On the Ultimate Commodity called Time

- Time is the ultimate commodity. Employers pay you in order to buy your time, don’t they? So you must treasure it.

I said so to an audience of eighty students and fresh graduates in a Career Orientation workshop.

I’d been pondering this thought for a couple of days before the event.  What the brilliant American author Anne Lamott wrote in Bird by Birdthe Holy Bible for many writers – is pure truth:

quotation markThink of it. Employers pay salaries for time. That is the basic commodity that human beings have that is valuable. We exchange our time in life for money.

After I shared this truth to the students who eagerly came to that event in the hope for more “orientation”, I couldn’t tell if they really understood its significance: that they should never sell their time short.


Time is the only commodity that can be exchanged for what I want out of life. And when I combine this belief with the awareness that death is always lurking, the respect I have for my own time took on a new level. I also felt more deliberate in making my choices.

Annie Dillard famously said “How we spend our days is, of course, how we spend our lives”. You and I  the same amount of time each day: 24 hours. Not a second more. Not a second less. Like going to the supermarket with 24 dollars each day, I want to put in my trolley things that make me truly happy.

These days, I put in my trolley yoga, writing, reading, learning, family, love, friends, social work, and art, because they bring me joy, a sense of meaning and purpose, and a feeling of coming alive. 

However I see many around me mindlessly toss in their trolleys a myriad of stuffs: a job they neither hate nor like, shows that they will forget the moment they turn their TV of, news that they can’t do anything about besides feeling insecure about the world and how lucky their own life is, conversations that only satisfy the gossiping thirst, relationships that make them feel inadequate.

Why? Because at some point in one’s life, he is told that if he exchange his time for a stable and certain path to money, even at the cost of boredom and discontent, nothing bad will happen to him. The money will buy him happiness, security, respect, joy. To sum up the more money and certainty he has; the greater his odd for the pursuit of happiness is.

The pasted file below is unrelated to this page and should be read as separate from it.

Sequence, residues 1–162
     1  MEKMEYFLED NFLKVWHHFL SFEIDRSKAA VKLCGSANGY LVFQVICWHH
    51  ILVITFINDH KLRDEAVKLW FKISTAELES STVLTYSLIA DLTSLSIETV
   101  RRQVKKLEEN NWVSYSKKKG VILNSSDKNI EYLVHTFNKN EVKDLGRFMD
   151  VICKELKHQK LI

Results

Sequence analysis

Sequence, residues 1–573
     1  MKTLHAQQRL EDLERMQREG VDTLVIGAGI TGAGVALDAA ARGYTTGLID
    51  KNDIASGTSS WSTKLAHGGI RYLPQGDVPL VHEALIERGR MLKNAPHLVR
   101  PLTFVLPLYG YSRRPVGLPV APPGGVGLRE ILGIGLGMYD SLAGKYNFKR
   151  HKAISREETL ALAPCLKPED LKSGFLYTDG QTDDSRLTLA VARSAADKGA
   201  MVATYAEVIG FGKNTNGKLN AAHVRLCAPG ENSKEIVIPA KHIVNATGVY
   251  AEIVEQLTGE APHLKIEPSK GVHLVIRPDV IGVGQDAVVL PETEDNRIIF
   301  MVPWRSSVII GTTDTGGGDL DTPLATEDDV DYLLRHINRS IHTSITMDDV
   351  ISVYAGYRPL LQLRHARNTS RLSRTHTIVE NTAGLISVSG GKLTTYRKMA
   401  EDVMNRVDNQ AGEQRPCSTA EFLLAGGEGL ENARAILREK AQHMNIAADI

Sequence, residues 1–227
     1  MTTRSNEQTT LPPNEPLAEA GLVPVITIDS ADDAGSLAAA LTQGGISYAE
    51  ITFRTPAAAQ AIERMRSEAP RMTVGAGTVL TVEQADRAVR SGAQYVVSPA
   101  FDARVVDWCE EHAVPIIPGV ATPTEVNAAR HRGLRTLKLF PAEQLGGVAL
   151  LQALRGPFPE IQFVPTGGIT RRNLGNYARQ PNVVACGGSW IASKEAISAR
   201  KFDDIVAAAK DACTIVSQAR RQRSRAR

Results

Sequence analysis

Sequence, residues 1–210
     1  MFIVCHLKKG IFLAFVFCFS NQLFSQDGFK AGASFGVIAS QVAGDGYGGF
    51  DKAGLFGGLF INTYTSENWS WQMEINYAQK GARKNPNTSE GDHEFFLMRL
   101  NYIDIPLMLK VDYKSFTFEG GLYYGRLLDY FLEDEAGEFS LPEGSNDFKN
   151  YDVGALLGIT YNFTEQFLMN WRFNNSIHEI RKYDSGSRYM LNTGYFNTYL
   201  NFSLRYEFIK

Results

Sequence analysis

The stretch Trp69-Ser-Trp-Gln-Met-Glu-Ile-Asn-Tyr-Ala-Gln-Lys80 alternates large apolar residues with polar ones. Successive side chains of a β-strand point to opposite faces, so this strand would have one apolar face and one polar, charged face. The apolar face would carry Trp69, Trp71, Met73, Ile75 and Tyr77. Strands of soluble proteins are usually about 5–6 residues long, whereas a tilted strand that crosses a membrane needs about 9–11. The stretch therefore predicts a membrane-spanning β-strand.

While the question of whether money can buy happiness is debatable, I want us to rethink these two formula a little. What if what he does in boredom might not bring him much so much money at all? What if the money he gets might bring fast-die gratification but not joy? There are a lot of things at stake.


The Dalai Lama, when asked what surprised him most about humanity, answered : “He lives as if he is never going to die, and then dies having never really lived.” The sentiments make me cringe. I thought of the scene in Iron Man when Tony Stark in his Iron Man 1.0 suit storming out the cave, he found his partner Yinsen bleeding on the ground gasping the last breaths.

- We gotta go. Come on, move with me. We got a plan, and we're going to stick to it.

- This was always the plan, Stark...

- Come on, you're going to go see your family. Get up.

- My family is dead, Stark... and I'm going to see them now. It's okay, I want this... I want this.

[Stark is silent for a moment]

- Thank you for saving me.

- Don’t waste it…Don’t waste your life, Stark.

This moment changed Stark’s life.

Sometimes, I want to grab a person’s arms, shake his him out of his drifting day, and shout: “Don’t waste it!Don’t waste your life!” But I know change doesn’t happen like that.

For me, knowing that I have a choice of which to exchange time for, and I must exercise this choice in order to take responsibility for my life has been the most profound realization. I chose not to sell my time short and join the modern form of slavery – money slave.  

I made a promise to exchange my time for only what brings me joy, now when I am young and don’t have three kids to feed. I also made a promise to invest time in my health, in new knowledge and skills through practical learning – investing time in increasing the value of my time. Money may come fast or slow, soon or later, a lot or enough. Still, I am using a shorter formula to happiness.

What about you?

Which formula are you using?

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On the notion of time, visit The Train of Our Life: a Tale of Death and Being Alive and Hourglass – Our Paradox of Death and Time; or read more about passion in Lighthouse – Discovering and Following Our Passion and The Courage to Choose and The Search for Passion; or on the topic of money The Thirst to Acquire and the Dream We Can’t Live

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